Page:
State Budget Practice Report Cards and Budget Resource Guide

Arkansas stands apart from most states in its poor grades for budget transparency in fiscal 2015 through 2019. Its category average of D, the second-lowest mark, reflects its position as the only state that fails to present budgetary material on a consolidated website. The shortcoming deprives legislators, residents, and other interested parties of the clear display of budgetary information needed to guide decision-making. The transparency grade was tempered slightly by Arkansas’s effort to report on tax expenditures beginning in 2018, when it first provided information about business incentives and credits. The next year, a new state law required biennial reporting of the costs of any income or sales and use tax exemptions, discounts, credits, and deductions.

Another category in which Arkansas is nearly alone is reserve funds, because it lacks policies for replenishing its rainy day account after drawdowns. Only Kansas has the same shortcoming. This deficiency limited Arkansas’s average grade for reserve funds to a C. It is also one of only six states to have had less than $200 million in its rainy day account in 2019, and the Long Term Reserve Fund was empty in 2015 and 2016.

Like twenty-six other states, Arkansas failed to make actuarially determined annual contributions for other postemployment benefits (OPEB), mostly health care. As a result, although its public worker pensions were funded at 80 percent in 2019, 9 percentage points above the total for all states, Arkansas averaged a C in legacy costs.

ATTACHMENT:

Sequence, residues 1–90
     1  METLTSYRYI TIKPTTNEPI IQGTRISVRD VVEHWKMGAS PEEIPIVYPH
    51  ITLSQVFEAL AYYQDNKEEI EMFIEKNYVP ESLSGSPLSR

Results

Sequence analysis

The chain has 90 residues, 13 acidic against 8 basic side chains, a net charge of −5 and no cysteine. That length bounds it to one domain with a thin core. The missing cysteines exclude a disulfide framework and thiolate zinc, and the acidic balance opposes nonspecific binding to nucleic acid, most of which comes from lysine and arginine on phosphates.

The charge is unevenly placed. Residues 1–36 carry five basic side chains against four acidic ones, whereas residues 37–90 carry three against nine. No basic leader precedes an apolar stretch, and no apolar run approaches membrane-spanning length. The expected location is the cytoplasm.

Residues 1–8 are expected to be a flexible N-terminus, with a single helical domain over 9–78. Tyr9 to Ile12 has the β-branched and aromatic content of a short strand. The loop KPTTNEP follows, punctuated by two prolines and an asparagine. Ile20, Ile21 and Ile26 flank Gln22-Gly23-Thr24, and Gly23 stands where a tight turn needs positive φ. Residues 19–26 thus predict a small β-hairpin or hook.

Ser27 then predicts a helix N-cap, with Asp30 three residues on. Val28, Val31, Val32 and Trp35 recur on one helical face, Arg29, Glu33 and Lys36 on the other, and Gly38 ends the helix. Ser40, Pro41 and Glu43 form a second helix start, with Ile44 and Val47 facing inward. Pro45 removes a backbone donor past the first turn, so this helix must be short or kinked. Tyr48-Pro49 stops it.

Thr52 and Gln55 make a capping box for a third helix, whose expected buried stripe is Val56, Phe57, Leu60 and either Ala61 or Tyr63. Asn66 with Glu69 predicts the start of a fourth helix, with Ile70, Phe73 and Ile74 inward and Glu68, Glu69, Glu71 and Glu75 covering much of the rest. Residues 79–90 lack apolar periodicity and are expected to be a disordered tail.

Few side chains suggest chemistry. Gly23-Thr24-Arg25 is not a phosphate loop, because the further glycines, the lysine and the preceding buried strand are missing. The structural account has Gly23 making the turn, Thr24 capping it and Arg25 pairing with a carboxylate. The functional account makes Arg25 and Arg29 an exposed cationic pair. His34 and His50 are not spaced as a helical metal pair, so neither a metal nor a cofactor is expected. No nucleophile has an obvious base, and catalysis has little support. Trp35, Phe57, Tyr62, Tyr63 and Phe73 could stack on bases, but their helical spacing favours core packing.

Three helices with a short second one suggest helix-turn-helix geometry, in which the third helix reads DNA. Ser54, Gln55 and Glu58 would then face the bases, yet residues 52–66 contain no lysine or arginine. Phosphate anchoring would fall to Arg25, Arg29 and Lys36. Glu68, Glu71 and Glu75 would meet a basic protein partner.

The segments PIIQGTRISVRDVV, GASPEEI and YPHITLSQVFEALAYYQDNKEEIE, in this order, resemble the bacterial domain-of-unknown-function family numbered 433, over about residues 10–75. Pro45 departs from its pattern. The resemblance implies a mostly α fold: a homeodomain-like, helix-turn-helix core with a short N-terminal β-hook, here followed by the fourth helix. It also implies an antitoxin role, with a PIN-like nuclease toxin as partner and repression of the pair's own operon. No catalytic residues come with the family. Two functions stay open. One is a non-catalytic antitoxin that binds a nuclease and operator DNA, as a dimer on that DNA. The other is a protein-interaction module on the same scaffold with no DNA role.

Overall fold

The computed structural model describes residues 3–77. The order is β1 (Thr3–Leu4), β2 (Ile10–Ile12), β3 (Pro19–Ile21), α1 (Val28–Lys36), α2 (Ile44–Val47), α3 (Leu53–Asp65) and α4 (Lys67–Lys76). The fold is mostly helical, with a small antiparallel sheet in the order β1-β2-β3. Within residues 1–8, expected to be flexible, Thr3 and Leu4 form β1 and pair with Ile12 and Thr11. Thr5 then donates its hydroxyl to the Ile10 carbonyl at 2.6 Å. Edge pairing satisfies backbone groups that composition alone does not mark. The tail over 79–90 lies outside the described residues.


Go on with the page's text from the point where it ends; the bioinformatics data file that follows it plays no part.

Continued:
The state’s sole top A average was in budget maneuvers. While it shifted rainy day fund assets into its highway fund in 2019—a one-time action designed to help the account get federal matching dollars—the maneuver was not large enough to diminish its average.

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To emphasize the need for clear and comprehensible budgets to inform citizens, promote responsible policymaking, and improve fiscal stability, the Volcker Alliance in 2016 began a study of budgetary and financial reporting practices of all fifty states. The Volcker Alliance’s mission is to improve the effectiveness of the administration of government at all levels. Making state budgeting more transparent and accountable is an important part of that goal.

The report cards presented here are taken from the 2021 Volcker Alliance report, Truth and Integrity in State Budgeting: Preparing for the Storm, which proposes a set of best practices for policymakers. For those wishing to gain greater insight into state fiscal issues, the accompanying budget resource guide is derived from the Alliance publication State Budget Sources: An Annotated Guide to State Budgets, Financial Reports, and Fiscal Analyses (2016). 

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